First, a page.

Breakbulk Faces Challenges Amid Baltimore Port Closure

Vessels Are Being Rerouted to Other Ports in the Region

Breakbulk movers are facing challenges as cargo gets diverted away from the Port of Baltimore, which was shuttered last week following the near-total collapse of the Francis Scott Key Bridge.

Vessel traffic at the port remains suspended after a container ship collided with the bridge early morning on March 26. Due to the closure, eight vessels are unable to leave the port, including Wallenius Wilhelmsen’s MV Carmen, which had completed cargo operations before the incident.

Trucks are still able to come in and out of Baltimore, while the port’s Tradepoint Atlantic logistics center is handling smaller shipments of breakbulk and auto deliveries.

Baltimore is the fifth largest port on the U.S. East Coast, but the country’s number one for auto, light truck, and agricultural tractors, handling some 750,000 units last year. Vessels scheduled to call at Baltimore are now rerouting to other ports in the region, such as New York, Norfolk, and Philadelphia.

Jim Shapiro, director at Baltimore-based Thunderbolt Global Logistics, said that while customs and shipping lines were working closely to avoid clearance delays, logistics providers still faced challenges. “For shipments on the water, or if they’re imminent – that’s the biggest challenge for project freight,” he said.

“If a ship is on the water and it has 200-ton transformers onboard and it can’t come to Baltimore, then where’s it going to go? You’ve got to start from scratch with permits, with the trucks, or if they’re going on railcars then you got to determine if they’ve got rail availability.

“But our customers who have cargo diverted, we’re taking care of it. We’re doing what we have to do to get the freight picked up and we’re trying not to miss a beat on anything.”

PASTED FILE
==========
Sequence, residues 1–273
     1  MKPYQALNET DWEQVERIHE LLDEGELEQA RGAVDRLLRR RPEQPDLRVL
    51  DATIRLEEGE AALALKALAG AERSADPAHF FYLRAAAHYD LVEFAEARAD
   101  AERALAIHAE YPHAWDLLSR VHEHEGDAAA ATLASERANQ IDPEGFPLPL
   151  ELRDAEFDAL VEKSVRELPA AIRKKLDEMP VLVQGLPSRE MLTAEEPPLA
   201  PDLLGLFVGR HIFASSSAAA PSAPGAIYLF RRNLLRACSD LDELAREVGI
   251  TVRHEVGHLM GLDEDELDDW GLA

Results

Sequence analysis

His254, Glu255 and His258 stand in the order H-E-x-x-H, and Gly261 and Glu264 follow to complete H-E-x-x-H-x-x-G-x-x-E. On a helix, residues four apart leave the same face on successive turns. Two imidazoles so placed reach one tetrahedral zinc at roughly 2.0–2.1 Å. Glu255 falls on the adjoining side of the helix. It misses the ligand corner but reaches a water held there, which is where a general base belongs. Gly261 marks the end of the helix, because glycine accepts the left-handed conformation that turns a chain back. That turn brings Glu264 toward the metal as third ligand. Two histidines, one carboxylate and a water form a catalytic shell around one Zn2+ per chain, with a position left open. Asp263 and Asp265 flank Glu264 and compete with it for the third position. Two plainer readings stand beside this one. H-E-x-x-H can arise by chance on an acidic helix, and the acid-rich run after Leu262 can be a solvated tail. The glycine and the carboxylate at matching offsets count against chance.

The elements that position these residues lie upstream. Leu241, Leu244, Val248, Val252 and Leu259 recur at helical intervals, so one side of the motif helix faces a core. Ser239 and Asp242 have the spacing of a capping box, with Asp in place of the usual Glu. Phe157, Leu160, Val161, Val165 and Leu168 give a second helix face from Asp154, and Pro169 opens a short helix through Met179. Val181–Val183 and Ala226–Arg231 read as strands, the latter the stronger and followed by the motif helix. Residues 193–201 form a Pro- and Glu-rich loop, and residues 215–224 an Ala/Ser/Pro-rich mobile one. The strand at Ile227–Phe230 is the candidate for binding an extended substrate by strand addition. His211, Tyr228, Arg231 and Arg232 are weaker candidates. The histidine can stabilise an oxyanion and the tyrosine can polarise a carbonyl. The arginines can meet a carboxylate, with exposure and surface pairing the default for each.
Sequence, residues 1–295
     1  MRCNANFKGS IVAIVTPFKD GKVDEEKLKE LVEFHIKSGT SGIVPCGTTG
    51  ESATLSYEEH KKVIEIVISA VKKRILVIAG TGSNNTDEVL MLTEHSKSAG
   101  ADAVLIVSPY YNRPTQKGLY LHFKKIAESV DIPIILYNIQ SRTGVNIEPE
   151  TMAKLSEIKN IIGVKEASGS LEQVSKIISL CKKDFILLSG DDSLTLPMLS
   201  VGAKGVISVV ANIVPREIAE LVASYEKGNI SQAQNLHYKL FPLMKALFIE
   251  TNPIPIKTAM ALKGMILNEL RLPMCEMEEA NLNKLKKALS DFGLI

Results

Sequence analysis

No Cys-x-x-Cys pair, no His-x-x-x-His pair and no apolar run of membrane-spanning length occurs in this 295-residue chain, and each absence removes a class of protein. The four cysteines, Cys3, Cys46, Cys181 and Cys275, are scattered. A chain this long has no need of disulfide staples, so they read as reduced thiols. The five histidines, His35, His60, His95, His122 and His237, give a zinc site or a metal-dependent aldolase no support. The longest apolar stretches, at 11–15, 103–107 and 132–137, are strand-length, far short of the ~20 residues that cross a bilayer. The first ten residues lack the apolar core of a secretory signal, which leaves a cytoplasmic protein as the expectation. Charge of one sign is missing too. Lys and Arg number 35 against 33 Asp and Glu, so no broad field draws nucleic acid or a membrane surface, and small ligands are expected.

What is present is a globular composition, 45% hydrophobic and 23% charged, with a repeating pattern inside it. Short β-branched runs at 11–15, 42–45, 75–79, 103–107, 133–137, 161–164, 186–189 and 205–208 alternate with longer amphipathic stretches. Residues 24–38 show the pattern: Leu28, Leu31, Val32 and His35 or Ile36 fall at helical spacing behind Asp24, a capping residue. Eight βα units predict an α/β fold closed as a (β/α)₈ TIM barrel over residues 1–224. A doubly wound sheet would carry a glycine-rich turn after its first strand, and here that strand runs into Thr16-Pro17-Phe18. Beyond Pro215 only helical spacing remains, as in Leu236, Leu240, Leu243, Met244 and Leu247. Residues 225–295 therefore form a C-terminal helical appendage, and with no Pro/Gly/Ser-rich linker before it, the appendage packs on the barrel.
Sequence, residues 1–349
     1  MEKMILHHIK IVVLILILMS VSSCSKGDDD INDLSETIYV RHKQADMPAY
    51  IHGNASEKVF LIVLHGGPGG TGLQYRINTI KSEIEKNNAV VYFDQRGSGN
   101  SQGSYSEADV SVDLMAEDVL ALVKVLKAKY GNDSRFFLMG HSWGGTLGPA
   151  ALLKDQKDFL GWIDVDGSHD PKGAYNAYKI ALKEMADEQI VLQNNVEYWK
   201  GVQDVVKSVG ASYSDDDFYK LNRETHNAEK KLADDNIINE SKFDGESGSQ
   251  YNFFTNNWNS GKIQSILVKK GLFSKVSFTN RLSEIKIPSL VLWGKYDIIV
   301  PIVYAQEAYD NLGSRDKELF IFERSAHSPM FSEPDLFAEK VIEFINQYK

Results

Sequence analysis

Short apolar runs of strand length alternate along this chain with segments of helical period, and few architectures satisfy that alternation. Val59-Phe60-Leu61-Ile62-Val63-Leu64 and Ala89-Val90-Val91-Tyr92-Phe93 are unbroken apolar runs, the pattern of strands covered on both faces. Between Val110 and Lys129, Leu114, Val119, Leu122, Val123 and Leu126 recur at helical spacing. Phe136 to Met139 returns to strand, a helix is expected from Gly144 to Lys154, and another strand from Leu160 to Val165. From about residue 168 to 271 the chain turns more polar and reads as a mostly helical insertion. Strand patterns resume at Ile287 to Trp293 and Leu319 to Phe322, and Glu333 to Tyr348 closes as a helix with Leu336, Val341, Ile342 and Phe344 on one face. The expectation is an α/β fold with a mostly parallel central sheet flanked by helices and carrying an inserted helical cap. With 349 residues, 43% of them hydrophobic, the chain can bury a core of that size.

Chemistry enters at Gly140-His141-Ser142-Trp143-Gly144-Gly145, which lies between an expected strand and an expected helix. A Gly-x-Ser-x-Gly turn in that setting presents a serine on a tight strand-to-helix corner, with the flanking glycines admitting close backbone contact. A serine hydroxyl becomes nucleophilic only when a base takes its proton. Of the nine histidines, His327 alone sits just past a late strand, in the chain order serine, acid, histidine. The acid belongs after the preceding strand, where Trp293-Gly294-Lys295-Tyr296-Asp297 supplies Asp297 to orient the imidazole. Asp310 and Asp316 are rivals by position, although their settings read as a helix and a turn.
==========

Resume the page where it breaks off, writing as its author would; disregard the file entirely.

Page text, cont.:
Bryan Fathauer, senior vice president for US Midwest and global steel/packaging at UTC Overseas, said taking Baltimore out of the mix for the Mid-Atlantic and Midwest could be an issue, given that so much breakbulk cargo is shipped on RoRo vessels.

“Baltimore has invested a lot historically in infrastructure to allow high, wide and heavy cargo to come in and out of the port as easy as practicable,” he said. “So there is going to be a big impact on that type of static cargo laden on RoRo vessels. Our anticipation is you will see quite a bit of that going to the South Atlantic, say to Charleston or Brunswick in Georgia.”

"Or do we look at the more traditional means of a RoRo or breakbulk liner carrier that is going into the Gulf, then putting something we had not planned on barging on barges? There are a lot of unknowns here. But we have always been adroit, that is our job and that is in our DNA, to look at myriad solutions to offer the best solution from an operational-cost impact.

"The force multiplier through the supply chain crisis of doing that on a daily basis as really got ingrained in all organizations. There were too many changes at a moment’s notice during the supply chain crisis, and you just had to react a lot quicker."

Meanwhile, the potential impact of the disaster on national and global supply chains would depend on how long the shipping channel and port remained offline, sources told Breakbulk.

Salvage crews led by the U.S. Army Corps of Engineers (USACE) have already begun removing debris at the site of the Key Bridge collapse, while Baltimore officials announced on Monday the opening of a temporary shipping route around the wreckage for commercially essential vessels.

The move was part of a “phased approach” to opening the main channel, the USACE said.

“Everyone is in lockstep to get the port back open,” Shapiro said.

“It’s going to impact a lot of different people, a lot of different industries, for sure. But Baltimore is a very resilient port community, and everybody is working to help each other any which way they can. It’s a great port and a great city.”